Sales of German biodiesel dropped dramatically last year. Germany’s Union zur Förderung von Oel- und Proteinpflanzen (UFOP), an association that advocates for oil and protein crops in that country, says 300,000 fewer tonnes of biodiesel were produced in 2013, down from the previous five-year average of 2.5 million tonnes to just 2.2 million tonnes.
UFOP has determined that the actual decline in vegetable methyl esters turns out to be much more dramatic because the data of the BAFA also includes the offset amount of hydrated vegetable oil (HVO) and biodiesel from waste oils. Assuming HVO sales as in the previous year (around 420,000 tonnes) and an estimated sale of up to 200,000 tonnes of biodiesel from waste oil, the actual sale of conventional biodiesel is only about 1.6 million tonnes.
The consumption statistics spell out the significance of pure fuel marketing in the years 2007 to 2008 and the total energy quota of 5.25 percent introduced in 2009 as well as its increase to 6.25 for the period 2010 to 2014. However, with the resolution for the Biofuel Quota Act having been passed as a clear indication of political will, the UFOP has criticised that volume balancing for compensation of the incremental reduction in the tax concession – biodiesel has been subject to full taxation since 2013 – will creep in due to the double apportionment of biofuels from waste oils and as a result of HVO imports.
While yesterday was National Biodiesel Day, our friends at the National Biodiesel Board were not just cutting birthday cake. They were advocating on Capitol Hill for the green fuel. March 18th marks the 156th birthday of Rudolf Diesel, the inventor of the engine that bears his name and a man who wanted it to run on peanut oil, not petroleum. The NBB’s governing board spent the day talking to lawmakers and taking part in meetings in Washington, D.C.
While hearing more about the NBB’s communications efforts, NBB Governing Board Member Tim Keaveney, HERO BX (shown to the right), reviews a selection of the several dozen letters to the editor published to date regarding the Environmental Protection Agency’s proposal to cut drastically the amount of biodiesel required to be blended into the Nation’s fuel supply.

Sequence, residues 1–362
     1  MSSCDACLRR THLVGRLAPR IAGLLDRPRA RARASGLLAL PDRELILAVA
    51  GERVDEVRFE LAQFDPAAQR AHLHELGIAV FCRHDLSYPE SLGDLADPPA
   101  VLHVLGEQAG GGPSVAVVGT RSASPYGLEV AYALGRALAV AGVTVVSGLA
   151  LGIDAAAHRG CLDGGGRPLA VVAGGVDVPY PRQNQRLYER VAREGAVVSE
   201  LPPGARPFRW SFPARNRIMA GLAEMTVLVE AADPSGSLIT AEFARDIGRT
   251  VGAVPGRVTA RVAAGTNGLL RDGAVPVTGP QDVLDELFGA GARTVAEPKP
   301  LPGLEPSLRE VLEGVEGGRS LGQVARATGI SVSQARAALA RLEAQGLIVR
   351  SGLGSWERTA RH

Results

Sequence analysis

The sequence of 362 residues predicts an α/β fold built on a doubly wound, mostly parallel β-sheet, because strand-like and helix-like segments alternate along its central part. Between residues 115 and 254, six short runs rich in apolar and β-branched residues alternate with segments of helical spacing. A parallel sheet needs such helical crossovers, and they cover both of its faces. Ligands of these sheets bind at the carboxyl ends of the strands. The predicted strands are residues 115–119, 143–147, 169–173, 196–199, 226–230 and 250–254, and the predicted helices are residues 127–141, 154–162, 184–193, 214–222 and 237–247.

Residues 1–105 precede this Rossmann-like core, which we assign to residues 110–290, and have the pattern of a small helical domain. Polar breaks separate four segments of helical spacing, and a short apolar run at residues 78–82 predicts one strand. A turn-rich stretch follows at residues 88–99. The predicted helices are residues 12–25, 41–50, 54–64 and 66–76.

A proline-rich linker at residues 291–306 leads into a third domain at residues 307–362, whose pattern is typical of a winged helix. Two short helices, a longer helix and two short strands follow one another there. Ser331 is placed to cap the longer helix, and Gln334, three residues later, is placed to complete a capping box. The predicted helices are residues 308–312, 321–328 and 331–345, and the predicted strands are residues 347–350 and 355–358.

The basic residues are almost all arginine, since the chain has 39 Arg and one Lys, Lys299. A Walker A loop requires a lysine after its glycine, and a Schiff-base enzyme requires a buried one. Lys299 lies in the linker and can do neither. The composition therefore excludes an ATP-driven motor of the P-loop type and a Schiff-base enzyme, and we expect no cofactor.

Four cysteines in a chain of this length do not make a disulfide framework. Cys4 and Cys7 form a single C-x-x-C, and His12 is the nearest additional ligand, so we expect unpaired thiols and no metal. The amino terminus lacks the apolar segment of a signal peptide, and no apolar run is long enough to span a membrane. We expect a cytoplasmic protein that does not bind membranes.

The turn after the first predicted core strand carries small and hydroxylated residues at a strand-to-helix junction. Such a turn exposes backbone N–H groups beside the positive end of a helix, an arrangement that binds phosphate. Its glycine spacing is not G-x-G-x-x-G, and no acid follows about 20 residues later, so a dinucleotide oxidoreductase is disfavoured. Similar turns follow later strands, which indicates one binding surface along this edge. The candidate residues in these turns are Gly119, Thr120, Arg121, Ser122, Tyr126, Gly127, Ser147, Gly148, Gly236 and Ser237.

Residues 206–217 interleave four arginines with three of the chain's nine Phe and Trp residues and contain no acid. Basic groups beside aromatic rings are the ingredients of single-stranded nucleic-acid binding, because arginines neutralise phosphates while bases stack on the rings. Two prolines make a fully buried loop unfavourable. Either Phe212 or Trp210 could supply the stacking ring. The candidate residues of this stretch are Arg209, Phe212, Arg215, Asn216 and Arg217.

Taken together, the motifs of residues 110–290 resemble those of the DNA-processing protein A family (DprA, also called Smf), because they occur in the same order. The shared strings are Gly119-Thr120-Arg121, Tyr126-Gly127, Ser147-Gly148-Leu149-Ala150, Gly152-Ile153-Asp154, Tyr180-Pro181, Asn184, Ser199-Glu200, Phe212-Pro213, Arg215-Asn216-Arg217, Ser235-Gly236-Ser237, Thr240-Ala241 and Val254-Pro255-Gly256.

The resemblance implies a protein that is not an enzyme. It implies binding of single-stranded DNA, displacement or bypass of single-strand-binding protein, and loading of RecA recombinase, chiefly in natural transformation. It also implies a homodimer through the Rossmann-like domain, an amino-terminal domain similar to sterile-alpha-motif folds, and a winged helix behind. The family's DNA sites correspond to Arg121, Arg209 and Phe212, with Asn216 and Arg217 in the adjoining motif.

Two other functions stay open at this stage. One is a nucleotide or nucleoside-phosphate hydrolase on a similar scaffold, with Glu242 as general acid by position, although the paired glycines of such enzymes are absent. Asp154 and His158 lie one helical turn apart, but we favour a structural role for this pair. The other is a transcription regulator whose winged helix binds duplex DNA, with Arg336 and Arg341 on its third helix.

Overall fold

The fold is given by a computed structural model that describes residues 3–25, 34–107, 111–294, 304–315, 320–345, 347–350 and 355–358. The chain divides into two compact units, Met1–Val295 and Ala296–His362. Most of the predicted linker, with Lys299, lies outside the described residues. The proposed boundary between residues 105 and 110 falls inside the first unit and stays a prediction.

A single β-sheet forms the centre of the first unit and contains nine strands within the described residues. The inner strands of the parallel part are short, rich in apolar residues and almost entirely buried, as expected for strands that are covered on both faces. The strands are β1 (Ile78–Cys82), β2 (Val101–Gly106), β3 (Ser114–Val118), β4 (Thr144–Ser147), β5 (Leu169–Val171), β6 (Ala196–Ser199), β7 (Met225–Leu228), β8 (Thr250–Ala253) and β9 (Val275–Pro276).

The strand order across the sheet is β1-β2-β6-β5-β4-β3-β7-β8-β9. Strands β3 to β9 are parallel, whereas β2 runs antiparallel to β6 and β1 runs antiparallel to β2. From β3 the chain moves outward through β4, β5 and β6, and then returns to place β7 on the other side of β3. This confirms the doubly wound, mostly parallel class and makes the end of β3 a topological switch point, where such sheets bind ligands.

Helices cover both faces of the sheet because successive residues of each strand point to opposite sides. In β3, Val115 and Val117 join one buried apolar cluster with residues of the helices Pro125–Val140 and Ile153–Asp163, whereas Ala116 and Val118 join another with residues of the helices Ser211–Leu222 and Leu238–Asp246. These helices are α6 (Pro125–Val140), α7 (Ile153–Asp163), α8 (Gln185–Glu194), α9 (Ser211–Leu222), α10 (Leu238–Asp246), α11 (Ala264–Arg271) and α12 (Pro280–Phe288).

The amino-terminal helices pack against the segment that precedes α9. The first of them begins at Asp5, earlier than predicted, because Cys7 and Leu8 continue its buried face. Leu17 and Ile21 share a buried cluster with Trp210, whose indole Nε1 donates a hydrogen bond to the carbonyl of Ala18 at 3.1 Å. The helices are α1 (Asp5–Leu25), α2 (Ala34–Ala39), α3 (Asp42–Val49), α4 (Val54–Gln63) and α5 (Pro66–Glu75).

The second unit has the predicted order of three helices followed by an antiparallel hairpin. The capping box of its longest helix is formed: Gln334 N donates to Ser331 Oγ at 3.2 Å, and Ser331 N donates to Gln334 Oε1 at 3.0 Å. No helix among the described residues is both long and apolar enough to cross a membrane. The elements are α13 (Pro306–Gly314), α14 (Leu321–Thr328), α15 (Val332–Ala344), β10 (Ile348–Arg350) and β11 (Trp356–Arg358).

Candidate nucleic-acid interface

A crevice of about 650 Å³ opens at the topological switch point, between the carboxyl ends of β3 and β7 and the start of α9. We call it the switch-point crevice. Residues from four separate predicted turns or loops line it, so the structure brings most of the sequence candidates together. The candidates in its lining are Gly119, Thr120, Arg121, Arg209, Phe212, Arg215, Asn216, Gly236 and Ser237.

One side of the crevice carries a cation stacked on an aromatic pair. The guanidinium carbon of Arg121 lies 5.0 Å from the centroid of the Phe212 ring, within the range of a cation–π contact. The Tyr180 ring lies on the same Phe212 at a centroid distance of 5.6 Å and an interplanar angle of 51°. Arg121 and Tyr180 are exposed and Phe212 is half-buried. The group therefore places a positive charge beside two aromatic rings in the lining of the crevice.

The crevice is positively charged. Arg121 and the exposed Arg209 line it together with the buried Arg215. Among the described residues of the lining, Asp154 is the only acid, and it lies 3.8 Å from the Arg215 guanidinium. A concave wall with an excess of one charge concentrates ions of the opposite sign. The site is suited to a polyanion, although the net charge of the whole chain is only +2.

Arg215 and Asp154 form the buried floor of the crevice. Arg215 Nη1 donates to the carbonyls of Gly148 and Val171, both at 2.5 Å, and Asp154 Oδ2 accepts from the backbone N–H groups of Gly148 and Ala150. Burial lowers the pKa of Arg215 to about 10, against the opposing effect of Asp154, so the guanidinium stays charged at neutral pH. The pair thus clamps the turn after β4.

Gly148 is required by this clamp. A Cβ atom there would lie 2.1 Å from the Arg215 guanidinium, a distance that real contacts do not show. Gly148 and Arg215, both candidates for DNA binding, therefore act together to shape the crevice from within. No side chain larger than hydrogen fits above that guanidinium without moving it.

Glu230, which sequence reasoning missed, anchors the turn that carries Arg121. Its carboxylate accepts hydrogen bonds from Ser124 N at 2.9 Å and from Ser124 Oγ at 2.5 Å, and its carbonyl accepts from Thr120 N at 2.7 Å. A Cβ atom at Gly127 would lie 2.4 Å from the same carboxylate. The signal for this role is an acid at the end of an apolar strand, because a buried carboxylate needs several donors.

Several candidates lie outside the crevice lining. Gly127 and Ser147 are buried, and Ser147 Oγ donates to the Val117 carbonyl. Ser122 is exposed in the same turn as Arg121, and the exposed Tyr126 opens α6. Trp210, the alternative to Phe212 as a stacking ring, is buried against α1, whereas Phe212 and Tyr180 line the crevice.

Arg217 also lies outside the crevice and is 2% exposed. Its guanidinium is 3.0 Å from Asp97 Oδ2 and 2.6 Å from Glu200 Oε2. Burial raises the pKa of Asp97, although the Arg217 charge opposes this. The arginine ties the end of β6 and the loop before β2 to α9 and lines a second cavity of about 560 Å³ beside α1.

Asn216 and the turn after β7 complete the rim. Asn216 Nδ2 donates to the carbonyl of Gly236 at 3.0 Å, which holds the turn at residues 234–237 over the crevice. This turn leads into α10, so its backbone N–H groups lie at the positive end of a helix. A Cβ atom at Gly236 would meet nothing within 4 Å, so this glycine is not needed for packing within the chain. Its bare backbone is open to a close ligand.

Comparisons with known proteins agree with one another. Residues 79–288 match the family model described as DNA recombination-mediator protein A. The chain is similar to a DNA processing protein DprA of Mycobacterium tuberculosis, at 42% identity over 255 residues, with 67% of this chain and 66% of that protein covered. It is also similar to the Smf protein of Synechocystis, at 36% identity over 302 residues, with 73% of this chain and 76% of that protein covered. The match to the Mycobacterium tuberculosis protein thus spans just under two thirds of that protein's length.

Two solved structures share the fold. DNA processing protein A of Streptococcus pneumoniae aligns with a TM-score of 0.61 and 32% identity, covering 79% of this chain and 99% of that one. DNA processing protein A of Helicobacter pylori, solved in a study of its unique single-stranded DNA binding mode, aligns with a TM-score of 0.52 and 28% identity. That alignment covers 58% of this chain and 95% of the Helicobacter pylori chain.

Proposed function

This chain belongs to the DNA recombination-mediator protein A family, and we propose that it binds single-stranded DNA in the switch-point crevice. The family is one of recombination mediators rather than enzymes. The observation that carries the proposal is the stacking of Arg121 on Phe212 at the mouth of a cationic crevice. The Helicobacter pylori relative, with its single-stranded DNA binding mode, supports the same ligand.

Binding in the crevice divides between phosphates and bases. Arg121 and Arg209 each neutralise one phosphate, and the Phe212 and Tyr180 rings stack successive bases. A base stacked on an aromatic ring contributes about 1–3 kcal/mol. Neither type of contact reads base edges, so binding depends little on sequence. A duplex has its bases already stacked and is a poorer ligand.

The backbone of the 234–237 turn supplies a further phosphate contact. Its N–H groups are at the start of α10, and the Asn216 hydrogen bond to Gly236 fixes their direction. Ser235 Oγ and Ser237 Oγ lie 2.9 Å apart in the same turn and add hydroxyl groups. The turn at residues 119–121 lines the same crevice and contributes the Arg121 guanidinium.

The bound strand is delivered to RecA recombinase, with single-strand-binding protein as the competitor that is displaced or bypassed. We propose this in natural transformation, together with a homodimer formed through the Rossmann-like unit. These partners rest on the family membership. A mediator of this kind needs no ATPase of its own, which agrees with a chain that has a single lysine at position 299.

Meanwhile, in this picture on the left, NBB Governing Board members listen to representatives of Bingham McCutchen as they provide an update on litigation related to the RFS.
In a separate news release, while pointing out that the EPA is proposing 1.28 billion gallons of biodiesel to be blended – a sharp drop from last year’s record production in the biomass-based diesel of 1.8 billion gallons – NBB officials made another push for biodiesel.
“Nearly every product that ends up on a store shelf is dependent on diesel fuel to get it there. That heavy reliance on one fuel means our economy is directly linked to petroleum price swings. It’s in everyone’s best interest to have a choice in transportation fuel, and that’s where biodiesel – America’s first Advanced Biofuel – comes in,” said Joe Jobe, National Biodiesel Board CEO.
An old pipeline in Hawaii originally used to transport petroleum-based asphalt could get a new life carrying biodiesel. This article from the Hawaii Tribune-Herald says the state Board of Land and Natural Resources is considering whether to allow the Shell Oil pipeline built in the 1960s at Hilo Harbor to carry the green fuel.
A new company, Hoku Kai Biofuels LLC, has acquired the old asphalt plant property and wants to use the pipe to transport vegetable-based biofuels from cargo ships to storage tanks on its land, according to the state Department of Land and Natural Resources.
BLNR will consider whether to grant in concept a 65-year easement for the pipeline. Final approval is contingent on a finding of no significant impact from an environmental assessment.
In a memo to the board, DLNR staff say the biofuels would be “distributed to various power producers as an alternative to fossil fuels.”
Officials with Hoku Kai Biofuels say they have had some conversations with Hawaii Electric Light Co. about buying the fuel.
A bill that would have delayed implementation of a 10 percent biodiesel mandate in Minnesota diesel fuels was stopped in a state legislative committee. This story from WDAZ-TV says the bill from Sen. Melisa Franzen, D-Edina, was defeated overwhelmingly in the state Senate Commerce Committee.
She said most cars and light trucks are built to handle 5 percent biodiesel, which now is required to be sold in Minnesota, not the planned 10 percent, known as B10.
Biodiesel supporters said they have heard this argument before, reaching back years to when ethanol first was required to be blended with gasoline. Problems have been few and far between once the state mandated that gasoline and diesel contain plant-based fuel, they said.
Jerry Schoenfeld, who represents soybean farmers and the Minnesota Biodiesel Council, said those who support Franzen’s bill sit on a biodiesel task force but never brought up their complaints until the bill surfaced recently.
Both sides used Illinois as an example to support their cause. Those wanting a B10 delay pointed to fuel-blamed engine problems such as clogged filters and acceleration hesitation. Biodiesel supporters said that even in Illinois, Mercedes-Benz praised biodiesel and urged owners to monitor oil levels and strictly follow oil change intervals, but few problems have been reported.